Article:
Organs Of Generation
The last time we heard from Weep they were reaching pinnacles of ornate, gothy new wave triumph, their heart-on sleeve ethos being wed to ramped up production and tossed into a starry stratosphere. Alate was a soaring victory for Doc Hammer & co, there’s no question of that. The tack that the group’s taken with their fourth full-length, from its unassuming eponymous name to its intentionally buzz-forsaking promotional strategy (more on that later) to its less bombastic yet no less memorable sound seems specifically designed to avoid putting Weep in the same category or conversation as its predecessor.
Opening cuts “Mouse Traps Close” and “Wake Up It’s A Dream” carry a fair bit of the regal carriage of Alate, but the focus seems to have shifted to tunes moving at a comfortably brisk pace and holding a tight internal harmonic sense rather than striking out with flurries of drama and rhapsody (string and horn heavy “The Wanting House” being a notable exception). Softer pinks and blues shine through on the nostalgic “Only A Time”. The instrumentation’s of an even-keeled ilk; while I wouldn’t claim that keyboards are less prominent than on Alate, they seem to hold closer to the melodies carved out by the guitars and Doc’s vocals. Speaking of the latter, things are more under control than last time out with less violence in Doc’s voice, but he’s still pushing himself in new directions: a more balanced croon, as on “Mouse Traps Close” and “The Laugh Is Gone” connotes Cascade-era Murphy, something I never would have connected with Weep (despite their previous Bauhaus cover). That said, I found myself almost never reaching for comparison while listening to Weep: in adopting a more melodic but less imposing approach (with tunes not running for much more than four minutes), the band feels contemporary and at peace with their own sound.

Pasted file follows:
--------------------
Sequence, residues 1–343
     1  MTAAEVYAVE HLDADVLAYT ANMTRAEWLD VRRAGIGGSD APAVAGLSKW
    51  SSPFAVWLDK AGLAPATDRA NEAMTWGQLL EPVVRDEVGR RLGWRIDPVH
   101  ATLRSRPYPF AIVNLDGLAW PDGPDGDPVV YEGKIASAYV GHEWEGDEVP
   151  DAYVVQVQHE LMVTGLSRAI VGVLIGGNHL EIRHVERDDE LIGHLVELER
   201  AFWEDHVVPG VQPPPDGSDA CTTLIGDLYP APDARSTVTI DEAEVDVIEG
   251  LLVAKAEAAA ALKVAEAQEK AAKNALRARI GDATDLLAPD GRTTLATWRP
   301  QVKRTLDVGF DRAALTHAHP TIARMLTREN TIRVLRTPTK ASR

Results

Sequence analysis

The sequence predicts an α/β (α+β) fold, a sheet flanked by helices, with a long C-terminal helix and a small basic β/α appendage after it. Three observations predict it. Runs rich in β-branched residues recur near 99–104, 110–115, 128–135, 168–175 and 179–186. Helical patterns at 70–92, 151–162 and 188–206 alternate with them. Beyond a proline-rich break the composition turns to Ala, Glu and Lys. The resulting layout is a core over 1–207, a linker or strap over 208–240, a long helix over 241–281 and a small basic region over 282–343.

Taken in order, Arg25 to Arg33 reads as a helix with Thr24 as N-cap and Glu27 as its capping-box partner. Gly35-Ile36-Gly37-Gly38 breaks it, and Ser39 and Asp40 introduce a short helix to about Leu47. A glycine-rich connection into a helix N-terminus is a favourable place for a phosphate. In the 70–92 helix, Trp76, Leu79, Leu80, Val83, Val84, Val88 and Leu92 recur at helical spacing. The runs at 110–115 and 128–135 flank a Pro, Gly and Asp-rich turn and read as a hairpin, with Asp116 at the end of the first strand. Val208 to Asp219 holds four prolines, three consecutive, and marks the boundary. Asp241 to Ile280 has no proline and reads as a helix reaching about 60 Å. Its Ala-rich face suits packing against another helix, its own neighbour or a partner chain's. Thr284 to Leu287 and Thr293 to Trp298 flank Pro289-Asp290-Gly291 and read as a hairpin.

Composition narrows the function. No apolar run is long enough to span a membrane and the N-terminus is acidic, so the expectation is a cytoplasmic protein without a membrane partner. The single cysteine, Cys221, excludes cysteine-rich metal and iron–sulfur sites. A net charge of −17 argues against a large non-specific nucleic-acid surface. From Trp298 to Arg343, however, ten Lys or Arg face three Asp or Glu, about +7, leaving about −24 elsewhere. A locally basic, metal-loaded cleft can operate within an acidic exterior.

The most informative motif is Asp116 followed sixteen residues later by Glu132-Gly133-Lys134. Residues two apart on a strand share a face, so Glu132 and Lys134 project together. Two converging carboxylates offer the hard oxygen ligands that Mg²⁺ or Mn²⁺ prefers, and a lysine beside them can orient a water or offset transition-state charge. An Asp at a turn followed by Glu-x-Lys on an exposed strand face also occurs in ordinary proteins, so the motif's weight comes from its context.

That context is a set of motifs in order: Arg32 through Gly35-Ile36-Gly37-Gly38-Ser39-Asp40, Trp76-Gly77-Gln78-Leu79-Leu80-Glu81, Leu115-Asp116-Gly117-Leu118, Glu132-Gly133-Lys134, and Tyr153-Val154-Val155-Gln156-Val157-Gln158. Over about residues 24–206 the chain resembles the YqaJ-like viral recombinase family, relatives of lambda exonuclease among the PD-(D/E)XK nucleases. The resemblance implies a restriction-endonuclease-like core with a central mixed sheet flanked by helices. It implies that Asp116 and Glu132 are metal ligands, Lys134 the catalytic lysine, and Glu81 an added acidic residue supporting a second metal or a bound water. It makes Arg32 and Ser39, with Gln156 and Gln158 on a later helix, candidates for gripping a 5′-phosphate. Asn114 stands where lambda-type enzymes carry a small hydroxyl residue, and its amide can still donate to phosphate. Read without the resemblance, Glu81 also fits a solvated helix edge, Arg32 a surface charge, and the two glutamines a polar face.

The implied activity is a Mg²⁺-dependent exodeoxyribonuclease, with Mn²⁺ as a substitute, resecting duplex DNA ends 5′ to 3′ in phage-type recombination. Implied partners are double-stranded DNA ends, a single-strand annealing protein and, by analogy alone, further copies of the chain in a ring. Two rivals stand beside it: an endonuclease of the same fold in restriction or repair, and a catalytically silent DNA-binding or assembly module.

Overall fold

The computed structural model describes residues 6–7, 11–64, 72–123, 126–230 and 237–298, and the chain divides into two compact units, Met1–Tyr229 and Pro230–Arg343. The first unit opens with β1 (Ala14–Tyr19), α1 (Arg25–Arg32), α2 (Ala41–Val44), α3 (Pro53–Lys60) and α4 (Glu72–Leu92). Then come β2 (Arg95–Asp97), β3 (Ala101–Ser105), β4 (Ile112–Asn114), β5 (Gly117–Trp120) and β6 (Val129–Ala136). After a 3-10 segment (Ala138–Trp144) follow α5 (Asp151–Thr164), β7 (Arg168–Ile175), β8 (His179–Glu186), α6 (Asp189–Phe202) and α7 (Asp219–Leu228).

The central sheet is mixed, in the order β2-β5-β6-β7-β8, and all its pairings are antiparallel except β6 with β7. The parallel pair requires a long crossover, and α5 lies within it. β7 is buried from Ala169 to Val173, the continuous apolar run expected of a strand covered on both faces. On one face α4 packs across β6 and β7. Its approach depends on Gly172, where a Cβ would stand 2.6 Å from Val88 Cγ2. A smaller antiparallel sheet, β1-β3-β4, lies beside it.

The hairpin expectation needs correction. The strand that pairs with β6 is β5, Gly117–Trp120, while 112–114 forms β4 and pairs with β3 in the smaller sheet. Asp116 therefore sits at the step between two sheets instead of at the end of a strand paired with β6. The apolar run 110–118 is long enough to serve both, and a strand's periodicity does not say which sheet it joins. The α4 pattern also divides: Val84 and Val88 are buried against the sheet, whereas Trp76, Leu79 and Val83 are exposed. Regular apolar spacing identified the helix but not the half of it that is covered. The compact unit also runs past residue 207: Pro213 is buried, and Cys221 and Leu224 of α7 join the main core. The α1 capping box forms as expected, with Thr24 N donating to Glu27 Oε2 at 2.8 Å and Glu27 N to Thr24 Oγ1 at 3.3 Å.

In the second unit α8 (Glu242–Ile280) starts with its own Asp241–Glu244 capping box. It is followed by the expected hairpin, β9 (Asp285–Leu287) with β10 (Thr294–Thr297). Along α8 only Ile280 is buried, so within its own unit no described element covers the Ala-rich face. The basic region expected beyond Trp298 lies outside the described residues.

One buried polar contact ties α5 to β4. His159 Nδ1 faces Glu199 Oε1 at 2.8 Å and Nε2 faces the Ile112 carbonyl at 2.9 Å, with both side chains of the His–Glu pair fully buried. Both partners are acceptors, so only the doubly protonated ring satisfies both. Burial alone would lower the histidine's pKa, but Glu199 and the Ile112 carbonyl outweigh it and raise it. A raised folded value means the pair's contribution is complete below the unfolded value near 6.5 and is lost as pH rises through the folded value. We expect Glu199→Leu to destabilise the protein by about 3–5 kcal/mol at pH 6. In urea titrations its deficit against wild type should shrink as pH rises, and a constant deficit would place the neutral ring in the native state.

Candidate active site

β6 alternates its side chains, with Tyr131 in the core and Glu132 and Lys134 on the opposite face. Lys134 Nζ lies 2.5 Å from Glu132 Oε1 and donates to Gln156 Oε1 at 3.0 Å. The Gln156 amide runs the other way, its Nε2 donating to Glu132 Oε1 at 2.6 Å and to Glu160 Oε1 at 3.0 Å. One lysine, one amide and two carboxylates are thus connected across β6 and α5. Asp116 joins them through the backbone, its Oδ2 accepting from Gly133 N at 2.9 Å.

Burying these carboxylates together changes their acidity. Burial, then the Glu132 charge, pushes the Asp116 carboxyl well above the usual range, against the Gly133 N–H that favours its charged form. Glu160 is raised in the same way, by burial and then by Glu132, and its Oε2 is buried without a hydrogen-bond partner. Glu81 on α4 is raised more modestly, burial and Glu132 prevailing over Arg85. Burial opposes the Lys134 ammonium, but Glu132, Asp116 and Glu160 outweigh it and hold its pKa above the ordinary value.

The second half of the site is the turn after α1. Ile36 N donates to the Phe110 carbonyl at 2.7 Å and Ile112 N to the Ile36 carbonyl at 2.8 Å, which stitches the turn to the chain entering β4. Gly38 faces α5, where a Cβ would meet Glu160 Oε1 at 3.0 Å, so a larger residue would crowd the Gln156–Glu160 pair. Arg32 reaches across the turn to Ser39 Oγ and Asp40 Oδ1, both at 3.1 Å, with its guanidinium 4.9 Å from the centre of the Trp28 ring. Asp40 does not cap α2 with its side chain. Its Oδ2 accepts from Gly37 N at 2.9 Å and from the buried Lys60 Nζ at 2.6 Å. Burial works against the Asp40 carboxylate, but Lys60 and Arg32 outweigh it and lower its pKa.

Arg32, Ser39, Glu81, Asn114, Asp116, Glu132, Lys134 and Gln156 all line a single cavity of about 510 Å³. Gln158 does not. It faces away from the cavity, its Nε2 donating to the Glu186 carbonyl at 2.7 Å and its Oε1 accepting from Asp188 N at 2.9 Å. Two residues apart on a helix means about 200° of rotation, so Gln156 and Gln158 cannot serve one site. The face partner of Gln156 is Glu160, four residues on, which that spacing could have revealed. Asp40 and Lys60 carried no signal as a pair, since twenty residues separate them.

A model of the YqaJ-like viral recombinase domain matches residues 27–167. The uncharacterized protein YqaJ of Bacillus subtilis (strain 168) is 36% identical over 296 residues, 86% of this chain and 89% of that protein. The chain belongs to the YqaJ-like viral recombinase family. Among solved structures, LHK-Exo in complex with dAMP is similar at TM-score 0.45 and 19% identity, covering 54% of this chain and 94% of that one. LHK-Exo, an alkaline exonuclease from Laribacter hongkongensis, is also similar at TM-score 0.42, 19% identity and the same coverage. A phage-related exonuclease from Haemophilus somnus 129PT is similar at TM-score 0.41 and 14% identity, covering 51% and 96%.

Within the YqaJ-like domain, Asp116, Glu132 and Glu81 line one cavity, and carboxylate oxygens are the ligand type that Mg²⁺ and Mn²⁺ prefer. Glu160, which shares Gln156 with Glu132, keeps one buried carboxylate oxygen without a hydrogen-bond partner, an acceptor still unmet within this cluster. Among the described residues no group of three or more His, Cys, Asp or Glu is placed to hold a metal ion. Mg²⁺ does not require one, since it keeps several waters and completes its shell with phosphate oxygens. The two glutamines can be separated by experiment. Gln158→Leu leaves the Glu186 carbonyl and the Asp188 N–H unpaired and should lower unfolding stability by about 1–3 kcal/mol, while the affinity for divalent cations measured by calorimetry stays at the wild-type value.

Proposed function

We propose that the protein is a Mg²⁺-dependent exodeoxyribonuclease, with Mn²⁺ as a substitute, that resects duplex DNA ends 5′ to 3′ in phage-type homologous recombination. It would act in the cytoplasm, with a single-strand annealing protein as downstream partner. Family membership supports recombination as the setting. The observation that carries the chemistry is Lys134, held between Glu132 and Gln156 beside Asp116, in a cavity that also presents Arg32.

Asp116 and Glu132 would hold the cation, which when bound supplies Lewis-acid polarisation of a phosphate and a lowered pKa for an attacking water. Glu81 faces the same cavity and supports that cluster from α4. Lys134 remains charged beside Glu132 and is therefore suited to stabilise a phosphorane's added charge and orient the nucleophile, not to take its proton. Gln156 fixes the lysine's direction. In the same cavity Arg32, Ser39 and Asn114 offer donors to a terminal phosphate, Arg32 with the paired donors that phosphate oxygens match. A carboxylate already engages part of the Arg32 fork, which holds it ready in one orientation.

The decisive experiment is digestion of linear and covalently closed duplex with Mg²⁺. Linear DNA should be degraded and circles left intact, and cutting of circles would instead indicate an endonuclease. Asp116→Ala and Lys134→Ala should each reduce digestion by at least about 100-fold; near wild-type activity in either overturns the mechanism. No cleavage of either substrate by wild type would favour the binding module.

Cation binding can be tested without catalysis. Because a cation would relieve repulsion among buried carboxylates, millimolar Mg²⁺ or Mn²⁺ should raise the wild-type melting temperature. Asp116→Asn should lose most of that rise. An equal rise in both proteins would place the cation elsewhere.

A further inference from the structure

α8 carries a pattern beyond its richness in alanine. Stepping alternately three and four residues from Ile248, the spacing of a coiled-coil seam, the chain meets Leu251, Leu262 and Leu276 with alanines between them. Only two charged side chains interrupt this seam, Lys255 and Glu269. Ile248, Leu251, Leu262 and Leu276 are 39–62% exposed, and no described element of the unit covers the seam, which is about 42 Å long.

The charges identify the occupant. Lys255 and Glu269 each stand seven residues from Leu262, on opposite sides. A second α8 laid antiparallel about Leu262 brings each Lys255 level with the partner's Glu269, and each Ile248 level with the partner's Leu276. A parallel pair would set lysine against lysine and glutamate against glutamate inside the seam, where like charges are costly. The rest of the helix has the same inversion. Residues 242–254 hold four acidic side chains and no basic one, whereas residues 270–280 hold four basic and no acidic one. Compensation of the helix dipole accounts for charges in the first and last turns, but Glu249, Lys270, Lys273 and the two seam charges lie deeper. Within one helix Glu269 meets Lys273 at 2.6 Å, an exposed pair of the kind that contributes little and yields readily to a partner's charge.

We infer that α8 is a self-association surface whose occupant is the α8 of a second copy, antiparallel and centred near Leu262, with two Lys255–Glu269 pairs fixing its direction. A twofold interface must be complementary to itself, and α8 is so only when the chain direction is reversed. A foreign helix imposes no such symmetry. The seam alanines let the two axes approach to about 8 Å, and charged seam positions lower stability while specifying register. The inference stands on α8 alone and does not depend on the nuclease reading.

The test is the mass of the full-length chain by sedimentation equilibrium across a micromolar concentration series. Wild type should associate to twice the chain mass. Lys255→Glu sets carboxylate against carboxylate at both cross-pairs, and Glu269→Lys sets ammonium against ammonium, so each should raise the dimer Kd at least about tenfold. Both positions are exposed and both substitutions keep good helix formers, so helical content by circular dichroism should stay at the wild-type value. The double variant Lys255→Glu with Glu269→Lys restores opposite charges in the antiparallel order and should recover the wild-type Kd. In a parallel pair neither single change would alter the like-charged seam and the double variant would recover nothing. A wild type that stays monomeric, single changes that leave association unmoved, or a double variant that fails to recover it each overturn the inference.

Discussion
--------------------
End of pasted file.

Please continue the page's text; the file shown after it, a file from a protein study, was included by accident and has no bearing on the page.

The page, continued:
This of-the-day feel is a bit ironic given that Weep is being presented as a “re-release” in an attempt to circumvent new album hype and expectation, the idea being that new albums always drag in expectations of new heights and hitherto unexplored horizons when they march on in through the door, whereas re-releases are simply smiled at fondly, like catch-up phone calls from old friends. In the band’s own words, by anachronistically tossing the record back in time, “people have come around and accepted Weep as its own thing. The nonexistent hype has died down, the expectations no longer color our desire.” As both a fan and critic, I couldn’t help but let this pitch inform my listening (and if you think Weep have no patience for new album hype, hacks like me offer nothing but a “knee jerk opinion [which] sticks around forever, coming up every time someone sticks their finger down Google’s throat”). Specifically drawing the listener’s attention to the lack of promo might be a bit of “don’t think about pink elephants” jiu-jitsu, but either way I found that it laid the groundwork well for what Weep had to offer: don’t expect it to reinvent the wheel, just sit back and enjoy hearing a band do what they do (for all its relaxed qualities, this album has plenty of tunes which I’d count amongst their best like “The Laugh Is Gone” and “Everything Falls From Trees”). Humbler in scope and ambition, Weep makes its charms felt through subtler means, but I’m guessing that’s exactly how the band wants it.